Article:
Marjorie Taylor Greene Catches Week-Long Twitter Suspension. Is a Permanent Ban Next?
Congress’ chief conspiracy theorist has been spreading Covid-19 misinformation for months
The tweet that triggered the suspension came on Monday, with Greene writing that the Food and Drug Administration should not approve the vaccines against the disease, which are “failing.” The vaccines have been proven effective, and an overwhelming majority of new Covid-19 cases, hospitalizations, and deaths are among the unvaccinated.
Twitter said in a statement provided to Rolling Stone that Greene’s tweet on Monday “was labeled in line with our COVID-19 misleading information policy” and that her account “will be in read-only mode for a week due to repeated violations of the Twitter Rules.” News of Greene’s suspension was first reported by CNN.
Twitter has a five-strikes policy regarding Covid misinformation. One strikes results in no action. A second strike calls for a 12-hour suspension. A third strike calls for another 12 hour suspension. A fourth strike brings a seven-day suspension. A fifth strikes results in a permanent ban. Greene has already been suspended for 12 hours twice, once in January for spreading misinformation about the election and once last month for spreading misinformation about Covid. The week-long suspension handed down Tuesday means she’s now a strike away from being kicked off the platform for good.
When asked for clarification about Greene’s suspension status and whether she is one more infraction away from a permanent ban, a Twitter spokesperson indicated that this is indeed the case, writing that “the information is in the policy.”
Greene has long been one of leading purveyors of Covid misinformation, regularly casting doubt on the efficacy of the vaccine and the severity of the disease, even as it continues to hospitalize and kill Americans. “No one cares about the Delta variant or any other variant,” Greene wrote last month. Covid cases in Georgia have risen 171 percent over the past two weeks, according to The New York Times.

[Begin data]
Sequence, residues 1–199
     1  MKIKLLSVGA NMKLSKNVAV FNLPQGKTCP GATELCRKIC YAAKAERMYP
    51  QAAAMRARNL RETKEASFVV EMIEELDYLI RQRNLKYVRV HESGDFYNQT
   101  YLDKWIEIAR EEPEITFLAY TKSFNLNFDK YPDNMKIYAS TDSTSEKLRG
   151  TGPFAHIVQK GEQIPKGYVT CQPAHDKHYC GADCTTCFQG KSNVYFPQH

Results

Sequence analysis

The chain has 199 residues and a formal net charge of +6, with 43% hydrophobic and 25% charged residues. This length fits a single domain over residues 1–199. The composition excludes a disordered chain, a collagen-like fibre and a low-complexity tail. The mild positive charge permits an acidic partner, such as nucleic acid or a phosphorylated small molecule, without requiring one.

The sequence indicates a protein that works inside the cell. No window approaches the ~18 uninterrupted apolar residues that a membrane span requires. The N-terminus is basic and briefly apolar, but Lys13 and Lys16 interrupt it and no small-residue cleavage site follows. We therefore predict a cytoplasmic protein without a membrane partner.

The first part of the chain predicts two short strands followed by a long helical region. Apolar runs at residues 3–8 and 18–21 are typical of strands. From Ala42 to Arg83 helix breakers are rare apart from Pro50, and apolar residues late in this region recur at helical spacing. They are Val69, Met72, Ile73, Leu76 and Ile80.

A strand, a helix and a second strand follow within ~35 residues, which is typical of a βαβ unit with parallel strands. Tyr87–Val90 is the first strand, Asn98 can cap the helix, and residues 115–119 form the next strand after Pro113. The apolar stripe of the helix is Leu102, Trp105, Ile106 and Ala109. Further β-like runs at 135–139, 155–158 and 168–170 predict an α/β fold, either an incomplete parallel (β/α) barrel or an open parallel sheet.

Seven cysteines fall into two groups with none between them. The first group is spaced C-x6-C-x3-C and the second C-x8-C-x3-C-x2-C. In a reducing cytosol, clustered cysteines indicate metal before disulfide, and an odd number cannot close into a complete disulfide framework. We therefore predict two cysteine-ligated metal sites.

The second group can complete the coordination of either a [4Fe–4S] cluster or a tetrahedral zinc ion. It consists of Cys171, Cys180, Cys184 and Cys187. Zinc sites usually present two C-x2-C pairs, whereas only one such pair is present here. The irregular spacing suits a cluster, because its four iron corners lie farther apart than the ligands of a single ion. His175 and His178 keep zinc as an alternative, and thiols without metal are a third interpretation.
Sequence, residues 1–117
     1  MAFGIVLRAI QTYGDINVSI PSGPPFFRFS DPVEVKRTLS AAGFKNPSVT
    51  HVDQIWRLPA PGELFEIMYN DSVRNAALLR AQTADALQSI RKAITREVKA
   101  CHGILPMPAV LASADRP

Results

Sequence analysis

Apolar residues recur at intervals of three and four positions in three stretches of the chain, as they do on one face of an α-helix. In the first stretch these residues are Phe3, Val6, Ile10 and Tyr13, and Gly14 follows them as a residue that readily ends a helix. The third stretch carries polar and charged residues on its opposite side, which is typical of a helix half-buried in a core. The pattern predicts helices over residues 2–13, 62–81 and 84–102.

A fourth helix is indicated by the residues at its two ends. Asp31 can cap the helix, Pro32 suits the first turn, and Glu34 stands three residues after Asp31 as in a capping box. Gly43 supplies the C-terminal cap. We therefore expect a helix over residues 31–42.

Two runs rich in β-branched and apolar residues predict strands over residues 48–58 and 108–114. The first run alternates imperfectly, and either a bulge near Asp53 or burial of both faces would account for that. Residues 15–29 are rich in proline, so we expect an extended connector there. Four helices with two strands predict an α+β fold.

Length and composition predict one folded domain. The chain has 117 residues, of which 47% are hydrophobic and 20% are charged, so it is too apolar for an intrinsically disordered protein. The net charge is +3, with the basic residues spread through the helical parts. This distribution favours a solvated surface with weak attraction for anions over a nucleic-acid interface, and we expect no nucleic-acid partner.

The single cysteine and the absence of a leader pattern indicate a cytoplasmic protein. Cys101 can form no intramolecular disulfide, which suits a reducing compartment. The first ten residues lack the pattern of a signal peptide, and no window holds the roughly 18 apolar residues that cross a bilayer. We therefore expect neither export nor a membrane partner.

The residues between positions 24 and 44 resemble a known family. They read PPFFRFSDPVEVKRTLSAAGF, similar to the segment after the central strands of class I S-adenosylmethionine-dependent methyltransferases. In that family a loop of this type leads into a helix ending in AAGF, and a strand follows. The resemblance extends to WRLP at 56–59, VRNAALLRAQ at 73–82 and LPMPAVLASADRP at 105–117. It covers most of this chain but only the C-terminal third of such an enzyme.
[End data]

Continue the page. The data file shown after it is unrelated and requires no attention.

Greene’s anti-vaccination message is resonating. Only 39 percent of Georgians are fully inoculated against Covid. When Greene spoke at a Republican fundraiser in Alabama last week, attendees cheered when she noted that the state is among the least vaccinated in the nation. Greene suggested at the same fundraiser that residents should greet government workers with guns should they knock on their doors to spread vaccine awareness. “What they don’t know is in the South, we all love our Second Amendment rights, and we’re not real big on strangers showing up on our front door, are we?” Greene said. “They might not like the welcome they get.”
When Greene was asked late last month whether she had been vaccinated herself, she refused to say, citing a violation of her “HIPPA rights.” HIPPA rights regard privacy of medical information, but do not pertain to reporters asking her about her vaccination status, nor do they prevent her from revealing whether she has received the vaccine she has repeatedly decried.
As of Tuesday, over 617,000 people have died in the United States from complications stemming from Covid.
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